School of Film and Animation director's documentary uncovers family stories
Filmmaker Shanti Thakur was given a crinkled blue letter from her 86-year-old Indian father, Hari. He quietly told her, “Maybe you can do something with this.” It was a letter he received from his father — which was left unopened for 20 years after his father’s death.
In her hybrid-documentary feature, Terrible Children, Thakur begins a journey to discover the events that led to her father’s banishment from his Indian family after marrying her Danish mother. This compelling journey reveals her parents’ memories during the same decade: Muslim-Hindu riots during India’s Partition, boyhood training in a paramilitary group, and Denmark during Nazi occupation. Dreamlike images and searing archival footage reveal unexpected parallels of religious war, and the transformative power of love.
Thakur, director of RIT’s School of Film and Animation, premiered Terrible Children at the Cleveland International Film Festival, an Oscar-qualifying festival.
Terrible Children will screen at the One Take Documentary Series at The Little Theatre in Rochester Oct. 20 (7:30 p.m.; Q-and-A to follow) and Oct. 22 (3 p.m.). RIT’s College of Liberal Arts is a community partner for the screenings.
“Rochester audiences are wonderful. I’ve screened my films here in 2008 and 2012, programmed by Linda Moroney,” Thakur said. “It feels like it’s come full circle.”
Terrible Children was selected in numerous other festivals, including the Columbus International Film Festival, Austin Asian American Film Festival, and Kerala International Documentary and Short Film Festival in India. It screened Oct. 6 at the Buffalo International Film Festival, where the film was awarded Best Documentary Feature, and the Chelsea Film Festival in New York City Oct. 13-30.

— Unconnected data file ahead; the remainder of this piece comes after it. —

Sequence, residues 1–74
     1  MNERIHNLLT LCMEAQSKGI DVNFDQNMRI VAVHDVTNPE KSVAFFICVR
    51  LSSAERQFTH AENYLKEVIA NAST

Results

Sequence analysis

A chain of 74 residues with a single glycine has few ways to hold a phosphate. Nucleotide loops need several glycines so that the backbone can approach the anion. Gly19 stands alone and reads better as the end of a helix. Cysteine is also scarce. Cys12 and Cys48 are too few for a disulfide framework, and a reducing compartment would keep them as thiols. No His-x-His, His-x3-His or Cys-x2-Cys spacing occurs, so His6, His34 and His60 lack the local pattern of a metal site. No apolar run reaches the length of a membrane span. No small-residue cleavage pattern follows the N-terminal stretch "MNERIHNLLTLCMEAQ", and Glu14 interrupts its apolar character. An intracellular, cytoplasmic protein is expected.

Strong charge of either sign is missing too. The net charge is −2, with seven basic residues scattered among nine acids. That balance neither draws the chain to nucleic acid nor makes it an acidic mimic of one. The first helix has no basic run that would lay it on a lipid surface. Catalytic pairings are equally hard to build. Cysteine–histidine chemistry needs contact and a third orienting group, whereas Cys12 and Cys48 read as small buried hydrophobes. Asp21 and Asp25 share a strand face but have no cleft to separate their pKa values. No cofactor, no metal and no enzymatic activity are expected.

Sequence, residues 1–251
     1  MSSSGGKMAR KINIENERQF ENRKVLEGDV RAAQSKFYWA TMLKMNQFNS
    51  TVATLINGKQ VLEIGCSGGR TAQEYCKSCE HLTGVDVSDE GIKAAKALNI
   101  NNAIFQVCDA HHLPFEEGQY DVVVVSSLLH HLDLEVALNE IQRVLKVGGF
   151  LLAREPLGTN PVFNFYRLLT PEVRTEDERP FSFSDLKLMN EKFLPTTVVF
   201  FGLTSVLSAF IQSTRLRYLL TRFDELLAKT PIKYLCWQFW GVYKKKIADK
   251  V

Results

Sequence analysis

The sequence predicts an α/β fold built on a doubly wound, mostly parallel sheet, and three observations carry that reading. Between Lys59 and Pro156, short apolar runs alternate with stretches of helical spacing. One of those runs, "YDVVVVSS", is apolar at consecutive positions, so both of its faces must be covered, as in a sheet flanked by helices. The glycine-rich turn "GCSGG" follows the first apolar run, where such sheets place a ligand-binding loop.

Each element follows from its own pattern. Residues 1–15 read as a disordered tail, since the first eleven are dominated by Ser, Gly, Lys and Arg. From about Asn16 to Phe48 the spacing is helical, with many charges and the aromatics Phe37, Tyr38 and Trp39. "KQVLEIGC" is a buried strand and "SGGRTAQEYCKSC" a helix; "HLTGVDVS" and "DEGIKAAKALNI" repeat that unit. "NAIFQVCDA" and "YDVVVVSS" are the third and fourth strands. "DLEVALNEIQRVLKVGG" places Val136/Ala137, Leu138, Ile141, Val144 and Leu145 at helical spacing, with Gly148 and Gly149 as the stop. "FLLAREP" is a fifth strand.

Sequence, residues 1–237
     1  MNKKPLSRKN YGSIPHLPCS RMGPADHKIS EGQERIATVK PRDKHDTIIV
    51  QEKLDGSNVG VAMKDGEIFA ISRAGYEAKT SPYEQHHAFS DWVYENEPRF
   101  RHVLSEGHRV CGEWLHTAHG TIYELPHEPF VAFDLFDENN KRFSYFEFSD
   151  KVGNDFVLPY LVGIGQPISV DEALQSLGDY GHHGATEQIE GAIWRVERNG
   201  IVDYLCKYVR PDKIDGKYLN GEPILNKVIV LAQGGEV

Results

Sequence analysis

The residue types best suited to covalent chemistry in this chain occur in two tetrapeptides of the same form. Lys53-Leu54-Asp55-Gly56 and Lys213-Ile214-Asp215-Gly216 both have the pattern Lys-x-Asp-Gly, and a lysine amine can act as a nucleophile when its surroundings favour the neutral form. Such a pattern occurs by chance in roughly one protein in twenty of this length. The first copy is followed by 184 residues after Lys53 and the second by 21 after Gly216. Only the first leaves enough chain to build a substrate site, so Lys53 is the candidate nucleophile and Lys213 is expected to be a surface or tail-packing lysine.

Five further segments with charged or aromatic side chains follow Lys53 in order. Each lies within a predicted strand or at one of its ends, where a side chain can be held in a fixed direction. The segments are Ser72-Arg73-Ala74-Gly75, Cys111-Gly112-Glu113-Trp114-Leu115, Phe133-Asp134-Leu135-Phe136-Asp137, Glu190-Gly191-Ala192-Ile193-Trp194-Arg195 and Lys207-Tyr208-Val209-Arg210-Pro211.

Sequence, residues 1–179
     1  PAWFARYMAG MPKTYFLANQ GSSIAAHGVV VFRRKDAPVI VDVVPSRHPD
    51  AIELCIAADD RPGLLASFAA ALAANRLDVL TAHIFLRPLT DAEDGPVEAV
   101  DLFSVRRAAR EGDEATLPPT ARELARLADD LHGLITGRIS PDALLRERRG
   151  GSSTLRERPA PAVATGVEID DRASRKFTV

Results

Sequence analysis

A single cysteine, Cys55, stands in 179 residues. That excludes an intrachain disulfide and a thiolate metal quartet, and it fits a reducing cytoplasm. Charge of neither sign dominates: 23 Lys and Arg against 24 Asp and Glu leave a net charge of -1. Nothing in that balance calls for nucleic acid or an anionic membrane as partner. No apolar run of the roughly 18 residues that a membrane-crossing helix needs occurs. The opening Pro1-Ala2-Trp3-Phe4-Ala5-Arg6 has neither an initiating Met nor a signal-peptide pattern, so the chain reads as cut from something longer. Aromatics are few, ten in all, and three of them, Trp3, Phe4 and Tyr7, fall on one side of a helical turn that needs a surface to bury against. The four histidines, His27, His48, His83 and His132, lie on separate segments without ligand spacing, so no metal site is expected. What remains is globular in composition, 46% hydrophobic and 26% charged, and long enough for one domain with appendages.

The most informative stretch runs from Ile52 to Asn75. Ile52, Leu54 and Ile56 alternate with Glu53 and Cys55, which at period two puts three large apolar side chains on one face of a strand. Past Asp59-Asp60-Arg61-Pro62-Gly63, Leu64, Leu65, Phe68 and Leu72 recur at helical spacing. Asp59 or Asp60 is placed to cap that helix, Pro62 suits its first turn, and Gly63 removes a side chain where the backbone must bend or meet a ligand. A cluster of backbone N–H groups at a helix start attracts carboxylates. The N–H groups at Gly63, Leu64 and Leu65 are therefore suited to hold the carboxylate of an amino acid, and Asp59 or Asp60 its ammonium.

iHeartRadio interviewed Thakur about the making of Terrible Children for “Partition,” a new historical podcast series about the 1947 Partition of India, in commemoration of the 75th anniversary. The interview aired Oct. 3.
Thakur knows that asking difficult questions is a requisite for telling an authentic and compelling story. Her 20-plus years of experience making both fiction and documentary films informed her approach to making Terrible Children.
“The goal is to represent the ‘unrepresentable’ through beautifully woven vignettes and creative reenactments contoured by archival footage,” Thakur said. “My use of poetic voice-over is the continuum that bridges three generations, three continents and three cultures. It’s a visual language of memory.”
“I tried to steer away from the earnest, sociological portraits of non-Western people so often seen in documentaries,” Thakur said. “Instead, I created a cinematic style to bring his story to life, and to build Hari’s internal landscape. Memory is like poetry. Facts and dates are unmovable. But the way we create metaphor and dreams in our lives is an act of survival.”
After connecting with audiences from a wide range of backgrounds, Thakur observed, “Anyone who has felt like an outsider in their family, connects with the film.”
“It is proof to me that timeless storytelling and great characters are what translate across cultures,” she said.